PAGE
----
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PrEP study now enrolling at Strut in San Francisco

, by San Francisco AIDS Foundation

doctor with patientPeople at risk for HIV infection during sex currently have only one PrEP option available to them: A PrEP regimen that includes the drug Truvada, which is a combination of emtricitabine and tenofovir disoproxil fumarate (FTC/TDF) manufactured by Gilead Sciences. Daily use of the drug Truvada was approved, in combination with safer sex practices, for PrEP by the U.S. Food and Drug Administration in 2012.

Now, researchers are testing an investigational drug for PrEP, in a large study that will be enrolling thousands of people at sites across the U.S. and Europe. One of the study sites now enrolling is at the San Francisco AIDS Foundation center Strut, in the Castro.

San Francisco chief medical officer Dr. Robert Grant, MD, MPH, who was the lead investigator of the seminal iPrEx study, is the site principal investigator for the current study.

“The foundation’s mission is focused on service,” said Grant. “The reason we’re conducting this study [at San Francisco AIDS Foundation] is because it is consistent with our service mission. Everyone in the study will receive either Truvada or the investigational drug, in addition to regular HIV and STD testing, HIV counseling, and other types of care required as part of the study.”

The investigational medication being tested is a combination of emtricitabine and tenofovir alafenamide (FTC/TAF) that is taken as one pill once a day.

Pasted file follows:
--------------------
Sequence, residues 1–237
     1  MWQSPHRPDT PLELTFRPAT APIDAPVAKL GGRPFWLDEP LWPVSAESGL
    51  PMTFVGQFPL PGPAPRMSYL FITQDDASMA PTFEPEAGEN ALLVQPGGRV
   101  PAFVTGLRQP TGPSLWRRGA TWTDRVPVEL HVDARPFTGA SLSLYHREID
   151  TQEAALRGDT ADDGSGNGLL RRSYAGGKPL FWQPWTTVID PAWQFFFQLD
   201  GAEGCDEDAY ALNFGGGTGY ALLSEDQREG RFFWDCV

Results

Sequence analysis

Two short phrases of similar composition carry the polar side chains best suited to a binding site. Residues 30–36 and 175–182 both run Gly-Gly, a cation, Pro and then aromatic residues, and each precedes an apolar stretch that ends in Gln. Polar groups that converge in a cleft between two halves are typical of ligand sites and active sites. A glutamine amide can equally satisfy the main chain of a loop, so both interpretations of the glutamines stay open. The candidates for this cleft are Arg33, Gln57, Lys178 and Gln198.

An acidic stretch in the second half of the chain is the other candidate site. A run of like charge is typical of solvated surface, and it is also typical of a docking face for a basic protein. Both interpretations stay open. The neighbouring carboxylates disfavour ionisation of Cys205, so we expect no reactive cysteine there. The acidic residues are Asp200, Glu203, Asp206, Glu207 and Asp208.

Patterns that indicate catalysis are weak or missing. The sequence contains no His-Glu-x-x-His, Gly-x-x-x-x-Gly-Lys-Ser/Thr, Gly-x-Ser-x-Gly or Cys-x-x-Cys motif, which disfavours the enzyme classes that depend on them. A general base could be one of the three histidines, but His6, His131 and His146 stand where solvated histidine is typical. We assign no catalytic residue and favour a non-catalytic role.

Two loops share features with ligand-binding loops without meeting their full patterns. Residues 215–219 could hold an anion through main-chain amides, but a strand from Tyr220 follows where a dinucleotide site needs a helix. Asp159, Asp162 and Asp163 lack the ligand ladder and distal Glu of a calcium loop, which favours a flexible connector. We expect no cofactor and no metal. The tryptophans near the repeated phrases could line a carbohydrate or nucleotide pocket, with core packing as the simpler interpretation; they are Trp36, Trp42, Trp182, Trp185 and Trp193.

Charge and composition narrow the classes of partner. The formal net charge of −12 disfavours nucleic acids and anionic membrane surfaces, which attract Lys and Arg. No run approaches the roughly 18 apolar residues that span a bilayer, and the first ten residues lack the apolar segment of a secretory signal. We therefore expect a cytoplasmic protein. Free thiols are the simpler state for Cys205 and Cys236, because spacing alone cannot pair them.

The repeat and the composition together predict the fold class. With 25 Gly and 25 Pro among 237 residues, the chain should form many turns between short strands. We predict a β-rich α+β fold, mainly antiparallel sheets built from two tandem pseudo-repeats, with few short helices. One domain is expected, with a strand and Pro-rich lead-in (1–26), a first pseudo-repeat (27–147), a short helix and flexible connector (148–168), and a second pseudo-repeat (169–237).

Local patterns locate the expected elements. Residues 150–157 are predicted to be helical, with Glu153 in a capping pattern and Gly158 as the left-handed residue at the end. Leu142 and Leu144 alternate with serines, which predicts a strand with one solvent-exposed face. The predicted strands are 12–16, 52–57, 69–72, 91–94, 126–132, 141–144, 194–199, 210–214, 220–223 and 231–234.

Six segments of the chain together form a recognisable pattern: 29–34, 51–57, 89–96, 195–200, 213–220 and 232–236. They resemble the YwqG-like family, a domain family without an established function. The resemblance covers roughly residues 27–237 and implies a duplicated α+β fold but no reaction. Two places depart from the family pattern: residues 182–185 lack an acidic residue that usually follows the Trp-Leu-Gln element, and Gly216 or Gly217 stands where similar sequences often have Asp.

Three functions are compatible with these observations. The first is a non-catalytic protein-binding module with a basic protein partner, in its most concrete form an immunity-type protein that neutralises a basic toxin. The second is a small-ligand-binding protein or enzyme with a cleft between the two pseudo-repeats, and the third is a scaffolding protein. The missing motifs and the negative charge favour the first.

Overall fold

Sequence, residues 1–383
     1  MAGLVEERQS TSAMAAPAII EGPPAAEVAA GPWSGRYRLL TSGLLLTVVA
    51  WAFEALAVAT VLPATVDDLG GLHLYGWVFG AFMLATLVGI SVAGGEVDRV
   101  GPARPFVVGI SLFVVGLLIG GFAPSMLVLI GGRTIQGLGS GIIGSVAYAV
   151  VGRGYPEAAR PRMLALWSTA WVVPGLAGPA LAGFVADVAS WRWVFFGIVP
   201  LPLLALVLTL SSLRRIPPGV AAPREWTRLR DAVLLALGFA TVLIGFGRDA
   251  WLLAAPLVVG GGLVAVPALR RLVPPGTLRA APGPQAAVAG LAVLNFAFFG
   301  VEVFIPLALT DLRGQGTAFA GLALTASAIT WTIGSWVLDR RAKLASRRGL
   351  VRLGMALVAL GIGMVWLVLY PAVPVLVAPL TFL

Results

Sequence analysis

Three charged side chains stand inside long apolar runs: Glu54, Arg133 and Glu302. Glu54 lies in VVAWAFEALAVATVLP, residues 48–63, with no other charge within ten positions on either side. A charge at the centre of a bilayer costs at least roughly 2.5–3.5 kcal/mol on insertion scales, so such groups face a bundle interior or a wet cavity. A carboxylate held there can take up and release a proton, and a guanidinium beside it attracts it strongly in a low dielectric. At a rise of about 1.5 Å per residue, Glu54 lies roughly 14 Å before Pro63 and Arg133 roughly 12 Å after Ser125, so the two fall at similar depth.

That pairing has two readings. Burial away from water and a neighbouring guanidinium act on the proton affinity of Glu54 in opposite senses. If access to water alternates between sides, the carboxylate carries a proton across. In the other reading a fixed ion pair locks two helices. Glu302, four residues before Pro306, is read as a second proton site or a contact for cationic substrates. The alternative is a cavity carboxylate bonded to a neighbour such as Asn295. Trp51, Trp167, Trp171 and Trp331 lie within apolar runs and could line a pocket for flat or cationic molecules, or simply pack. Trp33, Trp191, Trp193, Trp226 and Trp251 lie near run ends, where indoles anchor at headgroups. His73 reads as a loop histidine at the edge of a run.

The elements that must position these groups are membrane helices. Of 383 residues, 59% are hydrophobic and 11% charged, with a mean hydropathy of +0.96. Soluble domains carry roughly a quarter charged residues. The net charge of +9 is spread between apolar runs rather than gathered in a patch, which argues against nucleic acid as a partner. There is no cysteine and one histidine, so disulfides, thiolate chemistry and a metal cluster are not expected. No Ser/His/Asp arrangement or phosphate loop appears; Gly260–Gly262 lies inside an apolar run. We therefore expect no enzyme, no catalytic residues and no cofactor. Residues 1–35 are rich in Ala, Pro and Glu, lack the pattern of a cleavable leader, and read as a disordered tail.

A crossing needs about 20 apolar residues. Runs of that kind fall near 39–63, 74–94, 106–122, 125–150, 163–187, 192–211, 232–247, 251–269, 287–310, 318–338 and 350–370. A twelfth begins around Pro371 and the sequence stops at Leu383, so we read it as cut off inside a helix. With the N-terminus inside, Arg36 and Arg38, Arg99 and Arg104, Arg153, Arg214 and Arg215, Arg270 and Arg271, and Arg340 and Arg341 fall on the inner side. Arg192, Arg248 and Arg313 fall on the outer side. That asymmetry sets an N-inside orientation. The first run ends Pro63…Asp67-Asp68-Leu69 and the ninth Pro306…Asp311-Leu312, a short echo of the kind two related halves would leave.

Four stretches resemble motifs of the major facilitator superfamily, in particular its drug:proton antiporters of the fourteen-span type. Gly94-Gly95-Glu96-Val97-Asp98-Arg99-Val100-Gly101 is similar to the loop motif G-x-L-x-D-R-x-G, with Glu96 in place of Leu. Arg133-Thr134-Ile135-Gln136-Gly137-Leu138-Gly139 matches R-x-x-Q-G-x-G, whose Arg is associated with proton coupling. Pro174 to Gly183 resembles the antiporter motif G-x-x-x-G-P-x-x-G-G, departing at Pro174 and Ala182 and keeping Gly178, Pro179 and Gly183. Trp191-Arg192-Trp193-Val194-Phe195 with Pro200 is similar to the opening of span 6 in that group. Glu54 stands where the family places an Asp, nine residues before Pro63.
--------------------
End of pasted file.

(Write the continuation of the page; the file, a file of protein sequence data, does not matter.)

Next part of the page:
Research to evaluate the safety and effectiveness of FTC/TAF when used for PrEP is warranted as an earlier study with monkeys showed that the FTC/TAF regimen was effective in preventing infection. In a study with rhesus macaques, 6 were treated with FTC/TAF (1.5 and 20 mg/kg) and 6 received placebo. Then, the animals were rectally exposed to SHIV, a virus that is similar to HIV, once per week for 19 weeks. All of the monkeys given placebo were infected with SHIV, while none of the monkeys given FTC/TAF were infected.

“There are important differences between HIV and SHIV, and between monkeys and people, so we have to study the safety and effectiveness of FTC/TAF in people,” said Grant. It is not known if FTC/TAF is effective for PrEP in people.

The study, called DISCOVER, is enrolling adult HIV-negative men, and transgender women, who have sex with men. The study team encourages people who are considering PrEP, and interested in this study, to find out more.

For people who enroll in the trial, the medications are provided at no charge. All participants enrolled into the Discover trial will receive active medication: Half will receive Truvada, the other half will receive the investigational study drug (FTC/TAF). In addition, the study provides all of the laboratory testing and medical services at no charge, including the testing for sexually transmitted infections that is required as part of the study. Study participants will also receive a modest stipend to help reimburse for their study-related time and transportation costs.

“Developing a diversity of options for PrEP is a high priority for research,” explained Grant. “Having more options makes it more likely that everyone will find one or more prevention options that are right for them.”

To learn more about the study, or enroll, contact Tessa Swigart at tswigart@sfaf.org or call (415) 437-3409.

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